In a filing with the FCC, Ibiquity, the company behind HD Radio, is seeking inclusion into all satellite radio receivers should a merger be granted. Ibiquity still takes no official stance on the merger, but does call the merger a monopoly. Ibiquity feels that satellite radio has entered into exclusive subsidized arrangements with automobile manufacturers that could preclude HD radio from gaining a foothold in the industry.

Interestingly, though full details of many OEM agreements are not public, there has never been any indication that the “exclusive arrangements” have ever been exclusive to anything but satellite radio products. Indeed, HD radio already has deals in place with BMW as well as Ford.

In my opinion, Sirius and XM should not be penalized for coming to arrangements with auto manufacturers, nor for subsidizing the installation of receivers. Both Sirius and XM have invested large sums of upfront money to pave the way for their services to get into the dashboards of automobiles, and beyond that have given many OEM’s a share of revenue.

For these reasons a requirement to include HD radio into satellite radio receivers would be tantamount to letting another business model avoid the heavy costs that have been born onto the shoulders of stockholders in Sirius and XM. There is no free ride these days. Is Ibiquity planning to pay any subsidy? Are they willing to share revenue with OEM’s, or even Sirius and XM?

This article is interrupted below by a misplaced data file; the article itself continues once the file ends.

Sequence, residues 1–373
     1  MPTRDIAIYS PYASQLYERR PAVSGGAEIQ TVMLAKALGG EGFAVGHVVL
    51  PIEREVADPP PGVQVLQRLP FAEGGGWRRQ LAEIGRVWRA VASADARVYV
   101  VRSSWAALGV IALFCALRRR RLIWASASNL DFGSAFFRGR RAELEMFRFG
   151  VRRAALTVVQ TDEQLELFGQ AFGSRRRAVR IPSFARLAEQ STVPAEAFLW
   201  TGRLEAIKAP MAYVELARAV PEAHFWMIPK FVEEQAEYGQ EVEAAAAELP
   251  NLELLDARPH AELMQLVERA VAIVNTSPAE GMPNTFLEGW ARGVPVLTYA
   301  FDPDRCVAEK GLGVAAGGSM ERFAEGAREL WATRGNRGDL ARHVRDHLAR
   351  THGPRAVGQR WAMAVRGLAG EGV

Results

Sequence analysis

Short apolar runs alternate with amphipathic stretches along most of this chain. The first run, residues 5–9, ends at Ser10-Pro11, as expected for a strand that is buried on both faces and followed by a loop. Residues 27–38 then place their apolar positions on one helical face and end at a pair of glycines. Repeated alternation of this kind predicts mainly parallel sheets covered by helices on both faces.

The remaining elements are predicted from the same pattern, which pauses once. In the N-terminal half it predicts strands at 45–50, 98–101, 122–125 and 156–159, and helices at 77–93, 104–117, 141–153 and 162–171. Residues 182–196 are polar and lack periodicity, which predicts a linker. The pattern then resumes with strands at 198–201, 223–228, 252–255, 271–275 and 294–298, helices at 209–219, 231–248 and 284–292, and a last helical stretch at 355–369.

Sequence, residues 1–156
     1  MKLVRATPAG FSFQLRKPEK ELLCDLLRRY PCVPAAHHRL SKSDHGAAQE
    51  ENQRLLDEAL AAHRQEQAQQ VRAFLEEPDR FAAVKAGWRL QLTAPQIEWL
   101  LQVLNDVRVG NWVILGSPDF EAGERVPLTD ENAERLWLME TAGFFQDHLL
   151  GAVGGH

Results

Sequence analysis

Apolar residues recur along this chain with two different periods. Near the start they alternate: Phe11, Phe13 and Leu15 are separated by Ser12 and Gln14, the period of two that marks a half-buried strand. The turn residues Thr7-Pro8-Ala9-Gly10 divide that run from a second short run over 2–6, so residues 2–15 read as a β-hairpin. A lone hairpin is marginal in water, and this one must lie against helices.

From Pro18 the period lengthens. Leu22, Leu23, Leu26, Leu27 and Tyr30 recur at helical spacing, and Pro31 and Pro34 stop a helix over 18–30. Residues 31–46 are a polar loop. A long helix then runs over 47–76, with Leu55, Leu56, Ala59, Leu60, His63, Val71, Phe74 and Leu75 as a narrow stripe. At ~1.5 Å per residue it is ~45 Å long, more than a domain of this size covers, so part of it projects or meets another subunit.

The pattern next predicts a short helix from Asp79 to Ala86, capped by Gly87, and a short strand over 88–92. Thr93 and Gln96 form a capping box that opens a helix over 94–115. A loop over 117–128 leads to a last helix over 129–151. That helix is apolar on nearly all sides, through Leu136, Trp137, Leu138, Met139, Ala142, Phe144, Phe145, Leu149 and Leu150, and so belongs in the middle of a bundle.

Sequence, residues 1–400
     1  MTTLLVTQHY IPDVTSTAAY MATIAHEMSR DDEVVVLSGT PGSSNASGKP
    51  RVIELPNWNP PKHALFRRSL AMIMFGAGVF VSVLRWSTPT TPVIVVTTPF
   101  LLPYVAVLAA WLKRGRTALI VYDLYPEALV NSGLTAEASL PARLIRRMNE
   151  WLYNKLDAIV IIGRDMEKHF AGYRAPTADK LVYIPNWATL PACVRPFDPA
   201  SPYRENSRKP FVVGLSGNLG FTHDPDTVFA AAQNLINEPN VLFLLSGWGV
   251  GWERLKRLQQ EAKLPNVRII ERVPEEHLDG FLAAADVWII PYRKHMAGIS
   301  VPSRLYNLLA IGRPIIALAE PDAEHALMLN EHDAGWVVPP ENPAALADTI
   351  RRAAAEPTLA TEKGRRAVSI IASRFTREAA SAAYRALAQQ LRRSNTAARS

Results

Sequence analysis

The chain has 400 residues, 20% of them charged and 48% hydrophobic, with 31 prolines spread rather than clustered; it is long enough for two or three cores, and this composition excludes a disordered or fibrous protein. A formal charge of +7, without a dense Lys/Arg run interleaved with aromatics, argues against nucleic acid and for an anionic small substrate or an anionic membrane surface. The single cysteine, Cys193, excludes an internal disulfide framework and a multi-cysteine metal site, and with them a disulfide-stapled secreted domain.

For Sirius and XM to get where they are today was a process that Ibiquity wants a short-cut on. To provide that shortcut without remuneration seems unrealistic. Why should shareholders of Sirius and XM be required to bear the burden that Ibiquity themselves seems unwilling to bear?

In a second filing, Chester Davenports Georgetown Partners is seeking a sweetheart deal of a requirement for Sirius and XM to lease 20% of their channel capacity for this “diverse” company to operate and run. Once again, why should current investors be asked to sacrifice 20% of their capabilities and infrastructure to Georgetown Partners? Further, why is Georgetown Partners negotiating with the FCC rather than Sirius and XM? Is is right that a broad statement such as a requirement of 20% of the bandwidth be proffered to the government instead of the Boards of Sirius and XM? The Boards have a fiduciary responsibility to the shareholders, the FCC has no such tie. Why has Georgetown Partners not identified the dollar figure which they are proposing? Why have they not demonstrated programming concepts to fill 40 channels of programming?

Filings such as these grow tiresome quickly. Since when does a proposed merger mean that the FCC is now in charge of a welfare program? Quid Pro Quo happens in Washington. Handouts do as well. Just because it happens does not make it right. Shareholders of Sirius and XM have endured years of these companies growing pains. They have endured recapitalization, dilution of shares, and an onslaught of competition such as iPods and cell carriers offering content that was not imagined when the services launched. Asking shareholders to give 20% away to Chester Davenport, and to include HD Radio into all receivers without real remuneration is simply asking too much.

Position – Long Sirius, XM